Incurred Expenses

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Incurred Expenses are costs that a business will owe after receiving goods or services. All goods and services that need to be paid off at a later date fall under the umbrella of incurred expenses.

Paid expenses are incurred expenses that have been paid off. Oftentimes, expenses are paid as soon as they are incurred, becoming paid expenses.

Examples of Incurred Expenses

An example of an Incurred Expense would be a company receiving $5,000 in paper from another business. Until the other business is paid, the company has a $5,000 incurred expense. However, once that business is paid the $5,000, the paper becomes a paid expense.

Incurred expenses are not necessarily products or machinery that a business acquires. It can include the cost of labor for contract workers or the cost of rent for an office.

An additional example: If your business hired a contractor for a day that charged $300 for their services, the business would have a $300 incurred expense. If that contractor is paid in cash at the end of the day, it becomes a $300 paid expense.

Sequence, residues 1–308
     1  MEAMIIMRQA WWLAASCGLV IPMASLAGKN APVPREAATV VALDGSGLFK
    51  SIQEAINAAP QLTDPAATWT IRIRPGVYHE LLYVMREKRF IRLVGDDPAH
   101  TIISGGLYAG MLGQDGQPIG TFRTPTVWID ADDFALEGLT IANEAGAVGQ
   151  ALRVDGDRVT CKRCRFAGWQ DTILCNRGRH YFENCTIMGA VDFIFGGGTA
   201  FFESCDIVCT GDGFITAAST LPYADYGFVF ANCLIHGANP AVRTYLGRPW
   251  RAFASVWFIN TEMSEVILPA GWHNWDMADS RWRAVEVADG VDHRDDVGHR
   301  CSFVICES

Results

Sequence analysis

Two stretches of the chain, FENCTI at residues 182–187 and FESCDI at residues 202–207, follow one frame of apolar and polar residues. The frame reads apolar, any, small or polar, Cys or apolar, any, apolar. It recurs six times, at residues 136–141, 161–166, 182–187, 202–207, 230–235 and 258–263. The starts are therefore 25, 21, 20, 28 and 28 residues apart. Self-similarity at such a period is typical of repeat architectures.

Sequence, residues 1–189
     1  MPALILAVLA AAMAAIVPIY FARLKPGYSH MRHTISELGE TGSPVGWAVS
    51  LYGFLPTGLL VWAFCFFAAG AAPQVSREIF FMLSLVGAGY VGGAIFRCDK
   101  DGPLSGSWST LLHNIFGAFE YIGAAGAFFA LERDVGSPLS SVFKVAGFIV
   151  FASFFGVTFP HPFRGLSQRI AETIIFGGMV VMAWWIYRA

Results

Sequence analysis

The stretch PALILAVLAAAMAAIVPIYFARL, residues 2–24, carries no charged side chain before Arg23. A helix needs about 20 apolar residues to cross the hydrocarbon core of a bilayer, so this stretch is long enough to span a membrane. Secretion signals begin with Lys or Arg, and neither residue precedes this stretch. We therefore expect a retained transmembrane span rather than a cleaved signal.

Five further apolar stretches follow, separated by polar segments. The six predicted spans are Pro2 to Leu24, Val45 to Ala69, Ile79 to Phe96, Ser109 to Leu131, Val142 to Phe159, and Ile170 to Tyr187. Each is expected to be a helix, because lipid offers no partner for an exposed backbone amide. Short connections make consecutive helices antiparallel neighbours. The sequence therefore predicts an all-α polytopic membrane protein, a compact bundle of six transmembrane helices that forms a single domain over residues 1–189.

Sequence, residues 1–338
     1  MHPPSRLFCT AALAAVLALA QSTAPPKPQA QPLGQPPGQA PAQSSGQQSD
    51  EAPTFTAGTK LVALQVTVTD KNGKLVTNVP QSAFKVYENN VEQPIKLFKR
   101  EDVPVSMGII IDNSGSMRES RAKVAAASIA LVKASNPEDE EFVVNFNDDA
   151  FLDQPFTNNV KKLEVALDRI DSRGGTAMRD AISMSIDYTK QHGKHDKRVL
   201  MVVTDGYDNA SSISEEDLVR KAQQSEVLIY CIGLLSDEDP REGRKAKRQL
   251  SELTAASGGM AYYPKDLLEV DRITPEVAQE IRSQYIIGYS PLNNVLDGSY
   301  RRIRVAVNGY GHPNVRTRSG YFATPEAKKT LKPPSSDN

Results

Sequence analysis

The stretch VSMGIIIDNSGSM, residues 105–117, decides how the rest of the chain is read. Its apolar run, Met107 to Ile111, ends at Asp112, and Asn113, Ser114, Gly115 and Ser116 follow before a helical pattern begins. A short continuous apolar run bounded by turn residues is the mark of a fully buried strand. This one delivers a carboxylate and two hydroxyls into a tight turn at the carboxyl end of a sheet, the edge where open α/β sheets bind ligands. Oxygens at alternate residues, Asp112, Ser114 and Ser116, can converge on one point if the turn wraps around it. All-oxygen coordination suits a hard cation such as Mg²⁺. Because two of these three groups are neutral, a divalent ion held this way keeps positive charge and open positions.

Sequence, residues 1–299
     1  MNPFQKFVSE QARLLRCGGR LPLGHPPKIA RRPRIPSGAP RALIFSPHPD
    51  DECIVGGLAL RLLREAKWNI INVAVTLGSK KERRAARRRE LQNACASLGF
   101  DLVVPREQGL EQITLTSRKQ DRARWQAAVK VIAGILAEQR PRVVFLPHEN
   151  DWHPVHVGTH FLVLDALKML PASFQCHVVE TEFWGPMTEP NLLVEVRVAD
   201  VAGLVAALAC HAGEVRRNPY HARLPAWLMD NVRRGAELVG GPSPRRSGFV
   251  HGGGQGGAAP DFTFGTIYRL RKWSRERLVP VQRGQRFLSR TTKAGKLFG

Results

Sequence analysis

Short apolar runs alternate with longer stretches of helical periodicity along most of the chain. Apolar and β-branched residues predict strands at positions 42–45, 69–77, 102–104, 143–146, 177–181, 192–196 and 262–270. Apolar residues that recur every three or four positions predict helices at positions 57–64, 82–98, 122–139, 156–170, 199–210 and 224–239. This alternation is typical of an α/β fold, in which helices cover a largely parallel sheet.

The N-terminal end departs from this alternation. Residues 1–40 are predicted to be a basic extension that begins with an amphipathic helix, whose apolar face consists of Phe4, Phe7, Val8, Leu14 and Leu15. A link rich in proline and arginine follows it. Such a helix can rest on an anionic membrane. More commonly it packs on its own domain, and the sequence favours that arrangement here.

Incurred Expenses Analysis

Accumulating too many incurred expenses without paying them off can be dangerous for a business. Loans can be used to help fund a purchase, but expenses still have to be paid at a later date. Too much debt can lead to default or bankruptcy, which can have far-reaching negative effects. For example, banks may be able to decline credit applications in the future.

Incurred expenses are recorded to the month that they are purchased in, regardless of when they are paid off. For example, if you were to purchase a computer on a credit card in March but it was paid off in June, the incurred expense would still be recorded in March’s financial records.

Incurred Expenses Conclusion

  • Incurred Expenses are costs associated with receiving goods and services.
  • Once paid off, they become paid expenses. Expenses are often paid immediately so that they do not accrue and potentially become dangerous.
  • Too many incurred expenses can lead to a variety of tough financial situations for a company, including difficulty applying for future credit/loans and, if the situation grows out of control, bankruptcy.